Job Market Paper
The Effect of Centrally Bargained Wages on Firm Growth
I study how firms adapt to exogenous changes in labor costs. To identify this effect, I exploit that industries in Sweden have a centrally bargained minimum increase in average wages each year. Since these are bargained on the industry level, they are detached from the growth prospects of individual firms. Data on centralized wage increases for the years from 2001 to 2006 are combined with administrative panel data on firms. I then compare the growth rates of firms in related industries that face different centralized wage increases, while controlling for differences in growth trends. Higher centralized wage increases cause the average firm to increase sales and employment growth. These effects come from increased investments and hiring. However, there is no effect on profitability. In addition, firms increase their share of skilled labor. Moreover, the effects on employment are larger for large firms. This suggests that higher centralized wage increases also cause a reallocation of labor.
Financial Constraints and Insurance Demand in Small and Medium-Sized Enterprises
We study the impact of financing constraints on the insurance demand of small and medium sized firms. We build a panel data set that combines data on insurance purchases of 34,000 firms from a large Swedish insurer with administrative data. We measure financing constraints using credit scores commonly used by banks. We find that firms facing greater constraints purchase more insurance. The results are sustained when we control for net operating losses, collateralized loans and credit lines. A regression-discontinuity design supports that financing constraints have a causal effect on firms’ demand for insurance.
The Effect of Financial Constraints on Inventory Holdings
Standard finance theory predicts that more financially constrained firms hold larger inventories. I test this prediction using Swedish administrative data and data on credit scores. For identification, I exploit a discontinuity in the translation from continuous to discrete credit scores among Swedish firms. Firms that have a better credit score hold more inventories, both in the cross-section and around the cutoff. However, the regression discontinuity estimate is zero once we scale inventories by assets or sales. This suggests that inventories are determined by operational concerns rather than by financial concerns.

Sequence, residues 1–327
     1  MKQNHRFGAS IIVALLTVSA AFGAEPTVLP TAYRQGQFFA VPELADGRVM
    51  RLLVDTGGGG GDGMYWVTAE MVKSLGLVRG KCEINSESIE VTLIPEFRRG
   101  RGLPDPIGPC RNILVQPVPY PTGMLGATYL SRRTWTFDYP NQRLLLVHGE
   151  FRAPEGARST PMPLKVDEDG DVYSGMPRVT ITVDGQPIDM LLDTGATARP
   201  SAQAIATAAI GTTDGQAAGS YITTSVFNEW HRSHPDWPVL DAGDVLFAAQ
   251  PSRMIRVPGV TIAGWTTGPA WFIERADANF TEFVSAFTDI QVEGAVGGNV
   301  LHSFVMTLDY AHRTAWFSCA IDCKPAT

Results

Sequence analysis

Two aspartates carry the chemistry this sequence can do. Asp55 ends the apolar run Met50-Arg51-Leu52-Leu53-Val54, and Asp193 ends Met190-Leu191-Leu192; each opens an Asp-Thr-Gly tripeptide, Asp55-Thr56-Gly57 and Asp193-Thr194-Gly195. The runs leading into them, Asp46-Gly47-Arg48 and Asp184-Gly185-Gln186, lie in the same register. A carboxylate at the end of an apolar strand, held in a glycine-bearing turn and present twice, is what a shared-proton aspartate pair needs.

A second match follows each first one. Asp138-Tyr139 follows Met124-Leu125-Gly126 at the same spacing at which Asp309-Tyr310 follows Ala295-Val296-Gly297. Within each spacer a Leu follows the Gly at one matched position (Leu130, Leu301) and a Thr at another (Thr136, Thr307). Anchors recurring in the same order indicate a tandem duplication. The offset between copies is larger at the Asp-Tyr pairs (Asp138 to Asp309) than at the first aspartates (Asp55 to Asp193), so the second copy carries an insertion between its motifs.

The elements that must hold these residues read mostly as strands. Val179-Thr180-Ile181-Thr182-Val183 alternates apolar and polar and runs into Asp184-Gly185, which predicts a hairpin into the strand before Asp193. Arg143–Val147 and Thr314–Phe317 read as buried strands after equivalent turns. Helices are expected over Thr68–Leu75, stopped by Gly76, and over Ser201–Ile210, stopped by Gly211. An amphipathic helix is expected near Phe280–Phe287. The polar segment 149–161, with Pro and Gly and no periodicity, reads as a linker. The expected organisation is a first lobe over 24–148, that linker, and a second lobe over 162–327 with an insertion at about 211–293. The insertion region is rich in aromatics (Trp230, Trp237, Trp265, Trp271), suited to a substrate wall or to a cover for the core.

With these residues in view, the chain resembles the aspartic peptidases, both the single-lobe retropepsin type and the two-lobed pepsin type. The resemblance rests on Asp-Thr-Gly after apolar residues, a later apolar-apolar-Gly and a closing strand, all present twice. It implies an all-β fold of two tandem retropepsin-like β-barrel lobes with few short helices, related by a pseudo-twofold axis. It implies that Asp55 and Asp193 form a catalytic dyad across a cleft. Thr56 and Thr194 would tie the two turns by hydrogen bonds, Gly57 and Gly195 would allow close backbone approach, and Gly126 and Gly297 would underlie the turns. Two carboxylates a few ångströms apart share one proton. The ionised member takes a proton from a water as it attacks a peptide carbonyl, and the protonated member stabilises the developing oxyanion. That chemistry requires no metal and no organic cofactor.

Non-Business Risk and Firm Growth
The literature on recovery and creative destruction has analyzed the effects of large events like natural hazards or financial crises. However, large shocks induce significant general equilibrium effects that influence the recovery process of each individual firm. We complement the literature by studying how firms adjust to idiosyncratic shocks in an economy that is in equilibrium. We use a unique data set on the insurance purchases and insurance claims of 45,000 Swedish firms. Because insurance claims are unexpected and exogenous to productivity, we can identify the effect of shocks to physical assets. We find that firms, that experience a shock that leads to an insurance claim, quickly re-invest in their physical assets. Over a one-year time horizon this is accompanied by a temporary slowdown of the employment growth and a 50\% reduction in output growth. This effect is driven almost exclusively by firms with worse access to credit, whereas firms with the highest credit score experience no reduction in growth.
Spillover Effects of Insurance Claims: Evidence From Sweden
(with Oliver Engist)
Many of the consequential risks individuals or firms face have very low probabilities of occurring. It is therefore difficult to accurately judge the risks one is exposed to from experience alone. This leads agents to resort to simple heuristics, such as weighting recent experiences more heavily when assessing risk. Using a unique data set on insurance purchases and insurance claims of 40,000 Swedish firms, we analyze how firms react when a similar firm in their municipality experiences a damage to their property. Our results suggest that firms do not adjust their insurance when other firms have a loss. Moreover, highly salient events do not create significant insurance demand either. This stands in contrast to previous studies, which find that agents increase their insurance after observing natural hazards. Our results are consistent with a theory where firms adequately judge their risk exposure and purchase insurance accordingly.
Works in Progress
The Effects of Neighbourhoods on Income, Education, and Health
(with Viking Waldén)